8. #38
    DIY Senior Member Homeownerinburb's Avatar
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    "I personally know of a case where the lead man held one to the brass screw on a receptacle while his helper turned off the breaker for receptacle replacement for a dishwasher. The mechanic only has one hand because the meter said the circuit was off but something somewhere went wrong. When current started flowing through him he pulled the device into the waste pipe for the sink causing an arc."

    I don't understand. How would having another meter have prevented some odd arc from getting around the breaker and down this poor guy's arm, and while we are chatting, how in the world did this guy get to grabbing the brass terminal of a receptacle that is tied to a hot, regardless of the position of the breaker or any indication from any meter, Cat III or not? The voltage was not there and then it was.

    Sheese. I swapped out a GFI live just the other day. The house is huge and has countless panels. I was not going to go chasing down the breaker. I was going to use good insulated tools and be careful.

    What you seem to be arguing is to pull the meter out before doing any work in the house. Not that I have never done that when I was working in a panel. Especially the Zinsco crap that is so common around here.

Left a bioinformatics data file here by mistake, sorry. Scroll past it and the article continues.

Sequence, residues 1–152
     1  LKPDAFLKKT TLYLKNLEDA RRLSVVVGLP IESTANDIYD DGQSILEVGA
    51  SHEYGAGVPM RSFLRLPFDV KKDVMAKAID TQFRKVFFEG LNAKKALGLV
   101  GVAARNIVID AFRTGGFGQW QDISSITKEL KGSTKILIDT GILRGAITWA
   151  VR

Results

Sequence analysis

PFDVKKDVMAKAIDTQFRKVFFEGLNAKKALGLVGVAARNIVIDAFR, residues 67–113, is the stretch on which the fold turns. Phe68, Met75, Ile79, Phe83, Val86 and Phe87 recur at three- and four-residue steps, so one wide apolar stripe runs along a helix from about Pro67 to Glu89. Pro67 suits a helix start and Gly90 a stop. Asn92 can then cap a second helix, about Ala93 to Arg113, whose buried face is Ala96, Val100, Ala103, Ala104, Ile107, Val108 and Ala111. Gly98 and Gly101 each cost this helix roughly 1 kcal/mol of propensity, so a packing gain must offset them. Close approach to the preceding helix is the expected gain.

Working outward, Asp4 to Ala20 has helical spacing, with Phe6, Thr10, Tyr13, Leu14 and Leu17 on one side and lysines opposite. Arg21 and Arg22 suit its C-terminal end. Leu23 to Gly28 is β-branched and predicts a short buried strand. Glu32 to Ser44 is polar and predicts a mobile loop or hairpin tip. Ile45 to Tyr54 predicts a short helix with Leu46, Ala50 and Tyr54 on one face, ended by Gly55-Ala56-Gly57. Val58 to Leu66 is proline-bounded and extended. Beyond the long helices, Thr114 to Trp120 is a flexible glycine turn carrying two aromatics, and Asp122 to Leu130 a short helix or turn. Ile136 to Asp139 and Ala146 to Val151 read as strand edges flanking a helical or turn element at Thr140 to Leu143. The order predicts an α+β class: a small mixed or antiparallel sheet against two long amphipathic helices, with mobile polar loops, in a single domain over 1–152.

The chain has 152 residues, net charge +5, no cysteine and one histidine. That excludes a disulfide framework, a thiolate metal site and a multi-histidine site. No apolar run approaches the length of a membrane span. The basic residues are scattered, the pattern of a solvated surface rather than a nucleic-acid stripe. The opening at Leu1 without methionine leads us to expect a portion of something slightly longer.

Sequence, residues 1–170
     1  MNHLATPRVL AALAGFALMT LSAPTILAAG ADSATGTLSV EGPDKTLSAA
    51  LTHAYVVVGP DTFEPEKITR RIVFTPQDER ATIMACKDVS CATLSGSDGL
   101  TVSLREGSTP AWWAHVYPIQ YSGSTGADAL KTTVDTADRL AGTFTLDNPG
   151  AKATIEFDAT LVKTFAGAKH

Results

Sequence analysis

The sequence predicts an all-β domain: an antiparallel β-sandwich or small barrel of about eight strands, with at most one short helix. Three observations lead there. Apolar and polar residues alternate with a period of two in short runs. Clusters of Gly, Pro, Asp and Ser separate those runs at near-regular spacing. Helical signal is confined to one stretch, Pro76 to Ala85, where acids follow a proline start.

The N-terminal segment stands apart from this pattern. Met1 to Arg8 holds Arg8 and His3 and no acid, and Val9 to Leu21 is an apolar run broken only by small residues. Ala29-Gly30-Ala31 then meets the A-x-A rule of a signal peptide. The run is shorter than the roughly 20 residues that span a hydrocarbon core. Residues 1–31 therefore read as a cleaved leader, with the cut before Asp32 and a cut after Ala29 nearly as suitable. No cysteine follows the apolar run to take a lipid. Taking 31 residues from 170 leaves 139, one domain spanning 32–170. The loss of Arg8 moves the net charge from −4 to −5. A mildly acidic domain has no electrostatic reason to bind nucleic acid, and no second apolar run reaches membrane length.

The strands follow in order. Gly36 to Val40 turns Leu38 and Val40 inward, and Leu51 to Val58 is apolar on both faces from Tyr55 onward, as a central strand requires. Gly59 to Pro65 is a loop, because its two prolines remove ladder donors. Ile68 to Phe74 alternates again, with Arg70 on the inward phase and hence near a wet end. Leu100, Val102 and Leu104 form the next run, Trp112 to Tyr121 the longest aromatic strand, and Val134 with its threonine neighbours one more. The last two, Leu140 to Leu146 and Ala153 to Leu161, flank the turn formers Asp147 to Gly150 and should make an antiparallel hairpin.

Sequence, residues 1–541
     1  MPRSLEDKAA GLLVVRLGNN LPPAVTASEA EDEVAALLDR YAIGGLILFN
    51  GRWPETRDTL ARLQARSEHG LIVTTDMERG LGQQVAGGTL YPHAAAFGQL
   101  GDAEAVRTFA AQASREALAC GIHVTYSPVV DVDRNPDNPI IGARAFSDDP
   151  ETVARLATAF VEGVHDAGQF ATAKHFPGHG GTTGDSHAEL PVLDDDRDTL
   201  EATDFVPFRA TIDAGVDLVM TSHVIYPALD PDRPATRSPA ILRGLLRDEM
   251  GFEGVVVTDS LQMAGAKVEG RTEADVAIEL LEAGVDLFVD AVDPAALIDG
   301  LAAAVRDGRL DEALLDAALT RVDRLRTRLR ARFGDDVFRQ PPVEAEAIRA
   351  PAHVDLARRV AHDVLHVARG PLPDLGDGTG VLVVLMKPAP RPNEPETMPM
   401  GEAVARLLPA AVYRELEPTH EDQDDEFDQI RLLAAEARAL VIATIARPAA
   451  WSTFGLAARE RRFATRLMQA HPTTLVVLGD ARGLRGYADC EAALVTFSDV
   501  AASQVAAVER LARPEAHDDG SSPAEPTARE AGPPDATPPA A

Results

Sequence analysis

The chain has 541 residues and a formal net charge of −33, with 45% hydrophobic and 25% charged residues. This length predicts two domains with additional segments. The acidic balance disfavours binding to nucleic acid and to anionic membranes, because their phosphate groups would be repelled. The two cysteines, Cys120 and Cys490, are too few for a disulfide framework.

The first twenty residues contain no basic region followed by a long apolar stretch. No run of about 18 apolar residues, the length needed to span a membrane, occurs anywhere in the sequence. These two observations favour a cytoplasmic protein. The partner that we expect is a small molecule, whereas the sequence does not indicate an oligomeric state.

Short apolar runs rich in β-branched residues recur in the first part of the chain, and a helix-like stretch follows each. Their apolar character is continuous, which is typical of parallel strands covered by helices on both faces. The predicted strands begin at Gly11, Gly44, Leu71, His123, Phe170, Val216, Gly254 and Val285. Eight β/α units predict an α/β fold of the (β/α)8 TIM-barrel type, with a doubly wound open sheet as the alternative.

9. #39
    Electrical Contractor/Instructor jwelectric's Avatar
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    Quote Originally Posted by Homeownerinburb View Post
    I don't understand. How would having another meter have prevented some odd arc from getting around the breaker and down this poor guy's arm,
    The non-contact meter that he was using told him a lie. The breaker that the helper turned off was not the right breaker but when the Non-contact quite ticking he thought it was off.

    Quote Originally Posted by Homeownerinburb View Post
    and while we are chatting, how in the world did this guy get to grabbing the brass terminal of a receptacle that is tied to a hot, regardless of the position of the breaker or any indication from any meter, Cat III or not? The voltage was not there and then it was.
    The voltage was always there but the little liar meter said it was off. One good reason why not to have one, they are liars. A good meter would have indicated that the circuit was still live but one of those trash can fillers just are no good. Did you try rubbing it in the palm of your hand?

    Quote Originally Posted by Homeownerinburb View Post
    Sheese. I swapped out a GFI live just the other day. The house is huge and has countless panels. I was not going to go chasing down the breaker. I was going to use good insulated tools and be careful.